Is premature optimization really evil or simply sloppy ?
Although more than 40 years have passed since Donald E. Knuth wrote that “premature optimization is the root of all evil,” we continue to use this idea-turned-adage in various forms, especially when something goes wrong.
Donald E. Knuth wrote in his 1974 paper titled Structured Programming With Go To Statements that “we should forget about small efficiencies, say about 97 percent of the time: premature optimization is the root of all evil. Yet we should not pass up our opportunities in that critical 3 percent.” However, many programmers continue to ignore the beginning of the quote, which sounds like this: “Programmers waste enormous amounts of time thinking about, or worrying about, the speed of noncritical parts of their programs, and these attempts at efficiency actually have a strong negative impact when debugging and maintenance are considered.”
Premature optimization occurs when one decides to optimize without having enough information to reach a conclusion about how and where to do the optimization. The problem is that one cannot know precisely what will be the bottleneck and trying to optimize before obtaining empirical data could end up enhancing code complexity. Because one cannot know for sure when optimization is premature, it is essential to plan in advance and rely on measurements.
Evil vs sloppy —who wins?
Many people responded to a Quora challenge regarding the use of premature optimization in software development; they used different words and real-life examples to characterize this concept, but most of the people agreed that premature optimization is bad. One programmer opined that “optimizing early is a waste of time” while a software developer explained that even though “premature optimization is a warning that should be heeded, it can always be trumped by experience.”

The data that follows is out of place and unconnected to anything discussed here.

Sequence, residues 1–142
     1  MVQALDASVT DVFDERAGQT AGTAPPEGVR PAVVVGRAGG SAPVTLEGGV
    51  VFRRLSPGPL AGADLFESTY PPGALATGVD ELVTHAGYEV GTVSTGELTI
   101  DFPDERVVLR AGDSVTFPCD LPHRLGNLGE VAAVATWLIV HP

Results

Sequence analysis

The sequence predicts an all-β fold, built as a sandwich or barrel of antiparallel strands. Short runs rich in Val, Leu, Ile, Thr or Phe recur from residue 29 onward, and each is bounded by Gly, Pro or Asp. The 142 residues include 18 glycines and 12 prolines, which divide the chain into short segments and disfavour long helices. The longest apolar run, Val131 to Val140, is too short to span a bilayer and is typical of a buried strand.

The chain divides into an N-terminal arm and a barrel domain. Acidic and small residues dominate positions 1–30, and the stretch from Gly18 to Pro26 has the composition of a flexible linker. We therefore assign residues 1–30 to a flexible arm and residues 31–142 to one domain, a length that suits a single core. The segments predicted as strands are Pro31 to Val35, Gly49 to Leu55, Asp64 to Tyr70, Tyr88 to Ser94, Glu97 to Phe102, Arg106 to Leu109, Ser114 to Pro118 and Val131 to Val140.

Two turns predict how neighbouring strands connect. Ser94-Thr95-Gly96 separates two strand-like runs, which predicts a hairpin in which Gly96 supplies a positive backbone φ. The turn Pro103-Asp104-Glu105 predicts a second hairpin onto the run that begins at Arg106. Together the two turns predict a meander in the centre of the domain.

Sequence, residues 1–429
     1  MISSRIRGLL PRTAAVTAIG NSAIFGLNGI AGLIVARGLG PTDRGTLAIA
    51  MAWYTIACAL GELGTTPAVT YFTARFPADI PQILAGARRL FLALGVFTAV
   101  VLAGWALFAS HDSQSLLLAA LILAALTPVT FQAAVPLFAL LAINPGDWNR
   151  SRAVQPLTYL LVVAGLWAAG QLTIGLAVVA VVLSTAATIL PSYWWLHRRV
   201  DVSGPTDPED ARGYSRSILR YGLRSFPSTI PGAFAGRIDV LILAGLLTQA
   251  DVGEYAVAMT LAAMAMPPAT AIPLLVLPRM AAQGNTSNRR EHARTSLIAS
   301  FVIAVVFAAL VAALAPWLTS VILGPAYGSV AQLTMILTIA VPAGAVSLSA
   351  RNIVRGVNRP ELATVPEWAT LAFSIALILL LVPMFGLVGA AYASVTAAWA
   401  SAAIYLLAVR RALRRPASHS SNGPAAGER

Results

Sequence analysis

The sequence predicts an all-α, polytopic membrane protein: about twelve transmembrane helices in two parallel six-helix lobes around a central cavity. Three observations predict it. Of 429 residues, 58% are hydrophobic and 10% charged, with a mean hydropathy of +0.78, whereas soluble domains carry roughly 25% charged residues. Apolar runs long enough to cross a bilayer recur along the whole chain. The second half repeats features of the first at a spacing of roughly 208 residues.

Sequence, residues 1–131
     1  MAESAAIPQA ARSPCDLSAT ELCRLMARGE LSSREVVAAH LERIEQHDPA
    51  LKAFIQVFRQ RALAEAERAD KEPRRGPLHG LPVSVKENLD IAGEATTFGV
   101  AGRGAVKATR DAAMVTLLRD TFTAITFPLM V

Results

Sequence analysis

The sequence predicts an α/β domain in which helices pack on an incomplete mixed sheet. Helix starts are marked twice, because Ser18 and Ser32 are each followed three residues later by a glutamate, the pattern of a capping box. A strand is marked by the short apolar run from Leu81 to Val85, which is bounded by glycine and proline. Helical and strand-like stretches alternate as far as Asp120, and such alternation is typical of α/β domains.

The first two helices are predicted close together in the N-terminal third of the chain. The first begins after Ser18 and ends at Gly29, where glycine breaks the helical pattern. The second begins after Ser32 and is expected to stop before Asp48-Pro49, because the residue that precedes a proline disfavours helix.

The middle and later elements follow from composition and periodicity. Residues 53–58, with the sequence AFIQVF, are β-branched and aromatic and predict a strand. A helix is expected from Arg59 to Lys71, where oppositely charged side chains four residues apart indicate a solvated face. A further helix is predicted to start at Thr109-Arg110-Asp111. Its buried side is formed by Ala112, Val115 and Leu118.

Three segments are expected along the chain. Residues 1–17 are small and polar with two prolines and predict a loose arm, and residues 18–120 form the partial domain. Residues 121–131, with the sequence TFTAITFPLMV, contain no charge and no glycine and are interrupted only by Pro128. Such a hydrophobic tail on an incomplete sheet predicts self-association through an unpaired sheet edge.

However, this is not what Joe Duffy, Microsoft engineering director for languages believes; he wrote in a blog post that even senior programmers can make poor data structure choices, “often because they are more apt to choose a sophisticated and yet woefully inappropriate one.” Duffy explained that some people use Knuth’s adage to defend all sorts of choices that can only mean one thing: sloppy decision-making or laziness. He advanced the idea that even the best performance architects are wrong when they choose to follow their intuition because failing to understand the order of magnitude which matters, why and where it matters inevitably leads to failure.
Premature optimization traps
Premature optimization traps occur when one ends up writing complicated code instead of taking a moment to understand how performance affects the main function of the program. Not taking into consideration worst case scenarios is another trap which leads to failure because a programmer can end up paying more orders of magnitude in cost than it is expected under normal circumstances.
Using the right data structure will only increase performance and the program’s cleanliness, which means that one should give some thought to the data structure he or she is about to choose, otherwise more time and money will be spent fixing a problem that could have been avoided. Although after choosing one particular solution one can say that it’s too late to fix it and premature optimization is indeed evil, why not give it a second thought and do it right in the first place?